2009 Honda Fit Sport, Part OneS

We've already driven the 2009 Honda Fit. The 2009 Honda Fit Sport promises to combine utility and fun into a small, cheap, appealing package. Can it deliver?

2009 Honda Fit Sport, Part OneS

2009 Honda Fit Sport, Part OneS

2009 Honda Fit Sport, Part OneS

2009 Honda Fit Sport, Part OneS

2009 Honda Fit Sport, Part OneS

2009 Honda Fit Sport, Part OneS

2009 Honda Fit Sport, Part OneS

2009 Honda Fit Sport, Part OneS


One of the things we're constantly advocating here on Jalopnik is simple, well-engineered cars that are both fun to drive and have high utility. Honda has traditionally been a stalwart of those values, delivering cars that did everything we wanted and needed without frills and complication. Sadly, we found the 2008 Honda Accord did just the opposite. Like the new Accord, the 2009 the Honda Fit is also bigger and heavier. Also like the Accord, we're wondering whether it's lost its fundamental rightness in the pursuit of an impressive spec sheet.

The original Fit went on sale in the US in 2006. Driving the 2007 Honda Fit Sport, Mike Bumbeck reported, "The Honda Fit is a truly fun-to-drive subcompact econobox with some innovative features and a great deal of character." That car developed a cult following not just for its cute and cuddly looks, but for the extremely capacious interior, frugal fuel economy and, most importantly its fun drive.

For 2009, the Fit is a little heavier (2,661 Lbs to 2,551), a little longer (161.6" to 157.4) and a little more powerful (117 HP to 105. But, it's not any less economical. In fact, at 30 MPG combined, it's one up on the outgoing model. Most noticeably, it now looks like a jellybean.

The Fit has developed enough of a reputation that, when we jumped into the new model to rush to La Guardia, motorcycle designer JT Nesbitt recognized the car and looked forward to riding in it. That feeling lasted as we loaded it up with three six-foot plus biker badasses, a week's worth of winter luggage and hit the road at 6pm on a snowy weeknight with only an hour to go to catch a departing flight.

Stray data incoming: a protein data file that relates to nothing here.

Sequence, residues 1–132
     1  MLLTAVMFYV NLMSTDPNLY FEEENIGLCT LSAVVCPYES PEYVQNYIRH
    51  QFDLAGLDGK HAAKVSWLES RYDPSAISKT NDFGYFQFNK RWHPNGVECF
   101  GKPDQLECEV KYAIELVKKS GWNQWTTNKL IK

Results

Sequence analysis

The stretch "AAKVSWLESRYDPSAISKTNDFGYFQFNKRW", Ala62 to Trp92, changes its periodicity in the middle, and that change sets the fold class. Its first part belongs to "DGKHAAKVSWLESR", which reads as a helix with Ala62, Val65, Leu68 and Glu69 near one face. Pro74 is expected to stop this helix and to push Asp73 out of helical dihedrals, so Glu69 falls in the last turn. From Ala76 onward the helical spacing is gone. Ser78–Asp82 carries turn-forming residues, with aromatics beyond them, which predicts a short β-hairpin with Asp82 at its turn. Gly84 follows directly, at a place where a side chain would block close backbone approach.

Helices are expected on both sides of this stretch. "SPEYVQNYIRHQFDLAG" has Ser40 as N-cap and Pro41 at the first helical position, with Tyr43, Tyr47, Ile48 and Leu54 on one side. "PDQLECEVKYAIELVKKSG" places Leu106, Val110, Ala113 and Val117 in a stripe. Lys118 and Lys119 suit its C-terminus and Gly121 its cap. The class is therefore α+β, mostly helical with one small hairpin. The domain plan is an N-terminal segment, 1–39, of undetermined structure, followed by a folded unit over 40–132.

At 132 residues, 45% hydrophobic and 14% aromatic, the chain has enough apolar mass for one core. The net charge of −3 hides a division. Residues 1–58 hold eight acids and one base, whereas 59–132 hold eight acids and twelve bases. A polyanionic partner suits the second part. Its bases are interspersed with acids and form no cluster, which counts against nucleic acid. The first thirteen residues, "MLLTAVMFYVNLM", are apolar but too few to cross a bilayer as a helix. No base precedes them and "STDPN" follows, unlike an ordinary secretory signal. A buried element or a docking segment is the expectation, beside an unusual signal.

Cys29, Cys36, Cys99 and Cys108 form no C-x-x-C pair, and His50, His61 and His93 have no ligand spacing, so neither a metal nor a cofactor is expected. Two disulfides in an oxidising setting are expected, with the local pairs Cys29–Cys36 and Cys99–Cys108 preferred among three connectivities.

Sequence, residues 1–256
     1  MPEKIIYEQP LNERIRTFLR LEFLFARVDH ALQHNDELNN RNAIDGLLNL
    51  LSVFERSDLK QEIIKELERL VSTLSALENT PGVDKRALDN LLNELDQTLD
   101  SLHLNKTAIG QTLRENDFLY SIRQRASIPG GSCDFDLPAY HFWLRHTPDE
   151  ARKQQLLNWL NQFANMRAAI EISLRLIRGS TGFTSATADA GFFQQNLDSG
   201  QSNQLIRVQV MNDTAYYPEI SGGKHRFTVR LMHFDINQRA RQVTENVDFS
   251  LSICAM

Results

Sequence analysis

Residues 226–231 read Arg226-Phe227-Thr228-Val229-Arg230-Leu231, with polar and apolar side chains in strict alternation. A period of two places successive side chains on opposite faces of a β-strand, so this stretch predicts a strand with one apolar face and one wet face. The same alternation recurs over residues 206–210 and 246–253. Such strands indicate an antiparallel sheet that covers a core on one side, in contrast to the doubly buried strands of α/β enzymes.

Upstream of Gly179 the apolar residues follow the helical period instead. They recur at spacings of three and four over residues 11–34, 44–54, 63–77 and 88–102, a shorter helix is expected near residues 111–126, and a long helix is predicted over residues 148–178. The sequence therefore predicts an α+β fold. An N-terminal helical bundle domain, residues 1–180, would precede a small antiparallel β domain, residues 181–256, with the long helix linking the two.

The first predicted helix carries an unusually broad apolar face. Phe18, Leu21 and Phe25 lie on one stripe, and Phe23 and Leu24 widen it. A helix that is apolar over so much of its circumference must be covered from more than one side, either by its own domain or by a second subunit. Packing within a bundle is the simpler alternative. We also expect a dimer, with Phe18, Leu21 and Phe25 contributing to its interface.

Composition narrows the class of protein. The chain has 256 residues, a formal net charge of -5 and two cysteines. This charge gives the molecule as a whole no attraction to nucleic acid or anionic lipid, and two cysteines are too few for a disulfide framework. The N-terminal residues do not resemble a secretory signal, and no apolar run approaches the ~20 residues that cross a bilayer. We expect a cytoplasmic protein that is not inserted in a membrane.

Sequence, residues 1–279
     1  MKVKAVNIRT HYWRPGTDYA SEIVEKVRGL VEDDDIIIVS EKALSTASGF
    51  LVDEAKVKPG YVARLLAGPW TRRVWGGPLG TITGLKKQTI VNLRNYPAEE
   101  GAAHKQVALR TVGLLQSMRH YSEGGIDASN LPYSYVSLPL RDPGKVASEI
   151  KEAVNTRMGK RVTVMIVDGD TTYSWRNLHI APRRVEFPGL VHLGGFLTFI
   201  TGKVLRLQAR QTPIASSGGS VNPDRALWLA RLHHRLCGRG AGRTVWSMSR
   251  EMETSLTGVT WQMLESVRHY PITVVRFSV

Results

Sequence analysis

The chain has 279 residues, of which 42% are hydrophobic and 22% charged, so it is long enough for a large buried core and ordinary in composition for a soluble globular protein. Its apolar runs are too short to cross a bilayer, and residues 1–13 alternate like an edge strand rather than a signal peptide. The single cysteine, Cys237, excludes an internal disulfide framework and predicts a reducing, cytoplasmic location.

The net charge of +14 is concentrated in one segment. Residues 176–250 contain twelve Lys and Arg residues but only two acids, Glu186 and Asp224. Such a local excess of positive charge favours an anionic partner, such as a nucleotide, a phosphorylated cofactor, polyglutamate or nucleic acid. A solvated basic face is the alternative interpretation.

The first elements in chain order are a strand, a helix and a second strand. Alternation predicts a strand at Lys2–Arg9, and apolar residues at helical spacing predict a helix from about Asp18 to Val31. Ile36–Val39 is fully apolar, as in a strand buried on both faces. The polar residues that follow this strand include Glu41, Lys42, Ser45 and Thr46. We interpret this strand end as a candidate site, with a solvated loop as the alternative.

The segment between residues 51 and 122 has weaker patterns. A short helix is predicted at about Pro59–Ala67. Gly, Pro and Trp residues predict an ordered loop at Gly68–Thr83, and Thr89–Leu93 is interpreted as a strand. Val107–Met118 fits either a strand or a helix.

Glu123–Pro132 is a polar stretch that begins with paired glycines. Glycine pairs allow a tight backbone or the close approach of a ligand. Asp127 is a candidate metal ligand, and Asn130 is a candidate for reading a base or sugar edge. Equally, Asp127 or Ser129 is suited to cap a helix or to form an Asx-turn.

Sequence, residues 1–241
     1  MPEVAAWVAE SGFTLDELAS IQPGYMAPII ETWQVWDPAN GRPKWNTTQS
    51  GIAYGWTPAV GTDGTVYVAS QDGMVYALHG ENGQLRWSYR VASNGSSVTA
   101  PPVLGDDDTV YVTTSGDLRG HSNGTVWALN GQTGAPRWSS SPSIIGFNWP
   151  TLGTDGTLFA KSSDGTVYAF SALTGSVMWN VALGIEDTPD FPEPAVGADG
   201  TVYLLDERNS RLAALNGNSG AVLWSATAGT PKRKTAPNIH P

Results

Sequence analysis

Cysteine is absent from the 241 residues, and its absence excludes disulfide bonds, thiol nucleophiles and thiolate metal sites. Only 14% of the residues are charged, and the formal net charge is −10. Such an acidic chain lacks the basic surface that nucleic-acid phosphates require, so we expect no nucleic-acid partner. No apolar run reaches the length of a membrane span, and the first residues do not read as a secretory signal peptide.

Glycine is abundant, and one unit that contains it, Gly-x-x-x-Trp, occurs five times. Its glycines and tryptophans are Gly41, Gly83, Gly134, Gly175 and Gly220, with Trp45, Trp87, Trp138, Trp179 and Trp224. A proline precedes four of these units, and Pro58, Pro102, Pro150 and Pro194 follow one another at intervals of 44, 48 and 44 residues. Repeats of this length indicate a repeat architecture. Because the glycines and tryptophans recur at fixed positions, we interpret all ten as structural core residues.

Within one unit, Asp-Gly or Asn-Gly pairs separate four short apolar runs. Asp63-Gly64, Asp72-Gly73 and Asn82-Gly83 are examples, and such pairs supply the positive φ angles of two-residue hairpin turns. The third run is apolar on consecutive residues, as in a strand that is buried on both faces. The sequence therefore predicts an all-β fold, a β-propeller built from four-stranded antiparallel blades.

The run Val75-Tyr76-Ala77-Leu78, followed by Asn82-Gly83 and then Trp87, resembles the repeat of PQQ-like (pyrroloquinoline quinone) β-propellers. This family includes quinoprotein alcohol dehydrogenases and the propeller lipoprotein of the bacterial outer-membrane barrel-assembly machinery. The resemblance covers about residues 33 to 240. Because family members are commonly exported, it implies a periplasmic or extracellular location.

Once we got going, it was a different story. With a redline bumped up from 6,300 to 6,800 RPM and a ready willingness to kick down from the paddle shifters (we were sadly lumped with an automatic transmission) the Fit makes you very aware that its engine is working hard to deliver its 9-second 0-60 time. Heading out of Greenpoint and up the challenging off-road course that doubles as the Brooklyn Queens Expressway I was using every one of those revs to push the car hard through traffic. Realizing that JT had stopped asking questions about the car I looked over to seem him white knuckled and wide-eyed, fearing for his life not on a land speed record motorcycle, but a friendly-looking hatchback.

The 2009 Fit is every bit as good to drive as its predecessor, rewarding drivers for finding the hidden depths that lie behind the cushy ride and propensity for body roll. Smaller than most other cars on the road, you cannot only exploit gaps in traffic, but the width of the road itself, shifting position in corners for added-visibility and therefore speed. The fit is the first fun-to-drive car I've been able to do that in since I owned my last E30.

Arriving home later that night the Fit's tiny dimensions helped again. Instead of playing the usual New York game of hunting for parking spots for 20 minutes or more, I was able to squeeze into a tiny space right outside of my apartment. It may not be the fastest, nor best looking vehicle on sale, but at just $14,750 it offers a better driving experience than many cars that cost twice as much and has the interior space of cars twice the size. In short, it's exactly the kind of simple, well-engineered, fun-to-drive, practical affordable car we've been asking for.